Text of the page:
Archive for February, 2014

Thoughts On The Leica M After One Year’s Use

Posted in Uncategorized with tags , , on February 28, 2014 by johnbuckley100


One year ago this weekend, I was lucky enough to receive a Leica M (typ-240).  As a photographer who had rediscovered his love of the craft by using a Leica M7 (2002), and then happily taking the leap to digital with an M8 (2006) and an M9 (2009), it was immediately clear that with the M, Leica had come as close to perfecting the digital rangefinder experience as seems possible.  The Leica M has a 24 megapixel CMOS sensor, and from the first day, I found the image quality to be as good as the legendary M9’s, so long as one adjusted his post-processing technique to be careful not to oversaturate the colors.

There were immediate advantages in using the M over the M9, and especially the M8: its high ISO performance enabled one to shoot with much greater latitude at night, as as I noted after using it for a month.



One still had all of the advantages of using a rangefinder — speed of manual focusing, more intuitive, user-controlled operation, and of course, the Leica’s small size, but now, for the first time, you also had an option to set up the M as, in essence, a DSLR, and thus use long lenses. For the M offers Live View and with an adaptor — Leica’s own R-to-M lens adaptor was made available only last month, 10 months after the camera arrived, but we purchased a decent stand-in early — one could shoot Leica’s great R-mount telephoto lenses.  As I noted in August, after spending a considerable amount of time with the M out West — and thus for the first time, able to shoot telephoto lenses on a rangefinder — it made me think of the M as a truly multipurpose tool.

Oxbowcloud1 (1 of 1)


I could now incorporate it better into landscape photography, which we welcomed.  The versatility available to the user — being able to shoot at night…

Last Fair Shot (1 of 1)


while retaining the rangefinder’s advantage in being able to take intimate, spontaneous street photos without freaking out the subject…

Day two Teton Fair 10 (1 of 1)


made using the camera a complete joy.

I can’t say that using mine has been trouble free.  Mine has a persistent annoying flaw where, after taking a number of shots in succession, the LCD reveals the images whirling past like they’re on a carousel.  It’s really odd.  It takes a minute or so to calm down and have me be able to look at the last image I shot.  Yes, I could send this to Leica NJ or to the hospital in Solms, but it’s an annoyance, not a deal breaker.  Should a camera this expensive have any flaws? No.  But we live with it.

The new brightly lit frame lines in the viewfinder make the M’s intuitive focusing even better than the M9.  Some pictures, such as the one below of the mother with her children skating, can be captured only via luck, or the practice that comes with having used a Leica for a decade or more.  It’s my belief, however, that the rangefinder in the M is a better calibrated instrument than any previous Leica, because more pictures seem to catch exactly what I was hoping for.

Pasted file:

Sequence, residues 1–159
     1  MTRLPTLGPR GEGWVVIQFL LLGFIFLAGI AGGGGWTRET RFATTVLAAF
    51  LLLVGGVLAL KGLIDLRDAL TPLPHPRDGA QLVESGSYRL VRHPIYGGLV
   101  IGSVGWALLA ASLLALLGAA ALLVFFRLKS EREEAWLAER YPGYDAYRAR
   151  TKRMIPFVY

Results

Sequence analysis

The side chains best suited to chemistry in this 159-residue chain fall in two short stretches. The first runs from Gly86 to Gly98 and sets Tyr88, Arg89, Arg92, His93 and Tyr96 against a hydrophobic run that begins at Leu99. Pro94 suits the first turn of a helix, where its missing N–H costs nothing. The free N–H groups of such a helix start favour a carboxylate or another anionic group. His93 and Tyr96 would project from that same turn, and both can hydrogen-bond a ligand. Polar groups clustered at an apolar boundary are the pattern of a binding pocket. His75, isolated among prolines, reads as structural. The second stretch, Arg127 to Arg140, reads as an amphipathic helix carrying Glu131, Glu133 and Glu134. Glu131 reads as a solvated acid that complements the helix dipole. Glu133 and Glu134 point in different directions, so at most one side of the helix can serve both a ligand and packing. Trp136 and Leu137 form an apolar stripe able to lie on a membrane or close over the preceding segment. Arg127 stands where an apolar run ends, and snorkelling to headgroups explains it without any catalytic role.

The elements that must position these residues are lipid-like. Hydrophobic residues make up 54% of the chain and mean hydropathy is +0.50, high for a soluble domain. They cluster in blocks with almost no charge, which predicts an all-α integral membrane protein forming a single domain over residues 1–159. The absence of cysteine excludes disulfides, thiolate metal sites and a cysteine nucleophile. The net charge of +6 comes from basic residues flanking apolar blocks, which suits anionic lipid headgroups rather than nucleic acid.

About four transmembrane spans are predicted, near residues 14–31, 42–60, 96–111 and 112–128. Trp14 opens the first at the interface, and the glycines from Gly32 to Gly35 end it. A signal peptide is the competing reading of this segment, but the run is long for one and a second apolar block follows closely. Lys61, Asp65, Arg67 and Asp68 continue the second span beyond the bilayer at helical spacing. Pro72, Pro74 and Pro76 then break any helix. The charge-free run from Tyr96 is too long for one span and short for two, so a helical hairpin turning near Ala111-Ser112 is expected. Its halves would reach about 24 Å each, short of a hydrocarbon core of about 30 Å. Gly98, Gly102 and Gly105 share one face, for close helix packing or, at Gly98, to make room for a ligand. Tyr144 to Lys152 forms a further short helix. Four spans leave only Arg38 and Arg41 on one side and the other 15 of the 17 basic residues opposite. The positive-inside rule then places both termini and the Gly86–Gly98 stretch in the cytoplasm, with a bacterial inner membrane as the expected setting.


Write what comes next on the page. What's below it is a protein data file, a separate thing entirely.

Unbearable Lightness Of Parenting





When the Monochrom came out in 2012, many of us noted that the files it produced were more malleable than previous files we’d worked with, meaning that you could, in post-production, get effects and looks beyond what we’d been able to achieve previously.  I found the same thing to be true with the M.  I happen to like deeply saturated colors, and when I shot film, I often used Fuji Velvia.  Some found the look of the M’s files to be too vivid; I found that, whether it was in Lightroom or using Nik’s Color Efex Pro4, I could get the look, and feel, I was after.



The camera seemed to be able to take maximum advantage of Leica’s lenses.

untitled (1 of 1)-7


And it was especially clear that the combination of the M with the Noctilux was as special as the Noctilux’s marriage to the Monochrom.

By Any Other Name


Over the course of a single year, the camera has provided me with an inspiring opportunity to experiment with how I see the world — which is really all you want from a camera.  Right?  A tool that inspires you to try new things is a tool you can really learn to love.

Paper Fans


All I know is that after a single year of using the M, I believe my photography is getting better, that the tool I am using enables me to have my camera be, as Cartier-Bresson said his M was, an extension of my eye.  It is possible there are better cameras out there, and Leica may even be able to improve upon the M.  But after one year using it, I am still somewhat stunned at how much it enables me to fulfill ambitions I did not even know I had.

The Kiss


Winter Contained Within The Construct Of A Grid

Posted in Uncategorized with tags , on February 26, 2014 by johnbuckley100

Leica Monochrom, 50mm Summilux Asph.

Winter Grid